Opposition parties were deeply sceptical about Mr Blairs promise, suspecting it was a sleight-of-hand to deflect mounting criticism of the governments handling of the NHS.
The Conservatives spent a day working out how to respond to the announcement, while arguing it was a nice headline grabber that doesn't add up to a row of beans without explaining where the money is coming from .
On Tuesday, Conservative leader William Hague launched a stronger attack, saying the government would have to abandon its political ideology and embrace the independent health sector if it wanted to meet its target.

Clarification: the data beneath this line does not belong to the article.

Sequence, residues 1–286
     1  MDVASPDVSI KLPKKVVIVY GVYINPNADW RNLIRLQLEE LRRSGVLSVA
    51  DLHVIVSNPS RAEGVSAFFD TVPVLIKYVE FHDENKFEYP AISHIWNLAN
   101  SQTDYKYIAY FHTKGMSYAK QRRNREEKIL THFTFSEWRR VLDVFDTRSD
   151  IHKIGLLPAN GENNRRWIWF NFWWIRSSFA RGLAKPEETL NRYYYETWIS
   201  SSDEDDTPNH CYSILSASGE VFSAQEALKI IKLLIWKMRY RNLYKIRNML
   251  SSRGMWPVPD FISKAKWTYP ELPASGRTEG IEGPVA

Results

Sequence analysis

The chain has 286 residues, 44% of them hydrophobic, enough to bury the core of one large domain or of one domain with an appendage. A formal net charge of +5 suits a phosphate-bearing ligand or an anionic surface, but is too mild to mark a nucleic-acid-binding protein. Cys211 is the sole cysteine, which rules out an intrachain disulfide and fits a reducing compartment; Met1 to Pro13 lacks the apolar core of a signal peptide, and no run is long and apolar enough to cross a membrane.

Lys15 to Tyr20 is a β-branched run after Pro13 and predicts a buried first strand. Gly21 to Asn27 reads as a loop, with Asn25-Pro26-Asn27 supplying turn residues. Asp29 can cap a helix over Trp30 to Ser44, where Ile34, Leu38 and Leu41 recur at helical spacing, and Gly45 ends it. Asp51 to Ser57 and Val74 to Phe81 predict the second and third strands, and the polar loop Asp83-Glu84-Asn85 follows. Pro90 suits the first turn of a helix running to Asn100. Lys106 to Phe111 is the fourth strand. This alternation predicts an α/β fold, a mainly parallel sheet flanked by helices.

It is time to stop treating health as a political football and to seek cross-party agreement on the best way forward, said Mr Hague.
Liberal Democrat health spokesman Nick Harvey said the extra£2bn a year for five years promised by Mr Blair would not get the UK close to the European average of spending 8.6 per cent of GDP on health. He said at least£4bn a year would be needed.
Chancellor Gordon Browns much-mooted£8bn-10bn surplus would mean little difficulty funding the promise in the short term, Mr Harvey added. But over the long term extra taxation must come into it.